Did you know Kuwaiti Dinar is the strongest currency in the world? That’s right. 1 Kuwaiti Dinar is equal to USD 3.26. Now, here’s another fact – eight more currencies are stronger than the US Dollar, making it the tenth strongest currency, as per Forbes Advisor. And yet, the US dollar is considered the ‘currency of the world’. Why? Time to find out!
Which are the strongest currencies in the world?
Before getting into the crux of the topic, here’s a bit of clarification. Nine currencies rank higher than the US Dollar purely because of positive currency exchange. In other words, in exchange for those currencies, you get more than a dollar.
And yet, you wouldn’t ever see global oil prices being announced in Kuwaiti Dinar or Jordanian Dinar (JOD). Moreover, most of these currencies are “pegged” to the US dollar. So, their value relative to another currency (US dollar for example) will remain constant.
|Rank||Name of Currency||Floating/Pegged||Value in US dollar|
|1||Kuwaiti dinar (KWD)||Pegged||$3.26|
|2||Bahraini dinar (BHD)||Pegged||$2.65|
|3||Omani rial (OMR)||Pegged||$2.60|
|4||Jordanian dinar (JOD)||Pegged||$1.41|
|5||British pound sterling (GBP)||Floating||$1.20|
|6||Cayman Islands dollar (KYD)||Pegged||$1.20|
|7||Gibraltar pound (GIP)||Pegged||$1.20|
|8||Swiss Franc (CHF)||Floating||$1.07|
Contrary to this, our beloved INR or the British Pound Sterling is entirely “floating”, So their value relative to other currencies keeps fluctuating based on global demand and supply.
Before diving into the powerful US dollar, here’s one more interesting tit-bit – apart from the currencies mentioned in the table, all other currency units are worth less than a dollar. So, Re. 1 is equal to USD 0.012.
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Why is the dollar the main currency in the world?
Well, because most international transactions happen in the US dollar. But then again, why? There are many factors which contributed to the US dollar’s global domination. And it all started more than a century ago, in 1914, during World War I.
What is the origin of the dollar?
The US dollar that you know today was first printed in 1914, after the establishment of the Federal Reserve Bank, the country’s financial watchdog. Incidentally, this was the time when the US economy achieved its No. 1 spot. However, most transactions continued in the British pound.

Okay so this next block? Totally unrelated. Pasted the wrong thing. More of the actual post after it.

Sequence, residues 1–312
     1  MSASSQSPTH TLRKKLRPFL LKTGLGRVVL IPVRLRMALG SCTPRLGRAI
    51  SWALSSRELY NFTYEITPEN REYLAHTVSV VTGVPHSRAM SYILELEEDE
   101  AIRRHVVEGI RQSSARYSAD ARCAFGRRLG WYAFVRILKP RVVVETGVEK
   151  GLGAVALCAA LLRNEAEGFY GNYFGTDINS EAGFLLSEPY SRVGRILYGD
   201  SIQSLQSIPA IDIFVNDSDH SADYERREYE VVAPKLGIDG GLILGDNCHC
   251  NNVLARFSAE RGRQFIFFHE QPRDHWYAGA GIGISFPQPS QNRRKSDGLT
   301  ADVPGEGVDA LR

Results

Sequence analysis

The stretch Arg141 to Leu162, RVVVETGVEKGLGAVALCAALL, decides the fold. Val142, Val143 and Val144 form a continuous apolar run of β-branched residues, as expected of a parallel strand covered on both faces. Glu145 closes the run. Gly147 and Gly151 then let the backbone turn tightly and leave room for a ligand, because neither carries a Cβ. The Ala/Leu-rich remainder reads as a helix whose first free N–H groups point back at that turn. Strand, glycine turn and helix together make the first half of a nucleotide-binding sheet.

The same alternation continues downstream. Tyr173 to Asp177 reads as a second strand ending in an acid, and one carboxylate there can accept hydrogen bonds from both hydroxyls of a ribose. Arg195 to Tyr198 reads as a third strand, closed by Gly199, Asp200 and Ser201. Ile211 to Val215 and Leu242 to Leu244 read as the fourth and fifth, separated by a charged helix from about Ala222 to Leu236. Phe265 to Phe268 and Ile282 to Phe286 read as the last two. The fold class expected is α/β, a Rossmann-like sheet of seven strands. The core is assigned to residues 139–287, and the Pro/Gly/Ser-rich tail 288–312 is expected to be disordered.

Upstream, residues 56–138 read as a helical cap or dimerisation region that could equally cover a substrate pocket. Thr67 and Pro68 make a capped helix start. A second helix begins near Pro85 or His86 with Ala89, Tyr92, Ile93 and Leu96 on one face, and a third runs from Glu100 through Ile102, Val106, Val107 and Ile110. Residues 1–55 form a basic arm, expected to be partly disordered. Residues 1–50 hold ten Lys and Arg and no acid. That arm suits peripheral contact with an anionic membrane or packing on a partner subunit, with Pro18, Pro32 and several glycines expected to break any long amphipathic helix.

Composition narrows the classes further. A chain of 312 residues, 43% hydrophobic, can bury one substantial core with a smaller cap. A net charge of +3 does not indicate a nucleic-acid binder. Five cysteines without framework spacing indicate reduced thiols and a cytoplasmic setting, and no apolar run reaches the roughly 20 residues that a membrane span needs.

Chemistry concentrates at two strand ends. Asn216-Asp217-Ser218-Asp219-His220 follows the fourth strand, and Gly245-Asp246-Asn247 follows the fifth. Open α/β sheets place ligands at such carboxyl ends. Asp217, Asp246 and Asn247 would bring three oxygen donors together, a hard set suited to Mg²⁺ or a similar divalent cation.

Then, WWI happened. And the Allies began purchasing supplies from the US. The latter had not joined the global conflict. At this point, several countries gave up the Gold Standard system i.e., wherein currency value was decided in terms of gold, or currency pegged to gold.
Imagine exchanging a precious metal like gold for nominal supplies. A costly affair indeed. And so, these countries decided to instead transact in paper money. And decided to peg their currency to the US dollar. The UK eventually too, decided to suspend the Gold Standard system for some time.
Then, WWII happened. At that point, most countries were still paying the US in gold for weapons and other supplies. Invariably, the US became the largest owner of global gold, and it was next to impossible for countries to return to the Gold Standard system.
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Presenting the Bretton Woods agreement
Realising this in 1944, as many as 44 allied nations united in Bretton Wood, New Hampshire, USA, to discuss the global currency arrangement moving forward – rather than pegging to gold, currencies would now be pegged to the US dollar.
Interestingly to note, the US dollar was itself pegged to gold. But they had all the gold supply in their hands and hence, would not have faced any issue returning to the Gold Standard.
And thanks to the Bretton Woods agreement, the US Dollar was officially crowned as the world’s reserve currency!
Reasons for US dollar domination
Reason 1: Economic strength of the US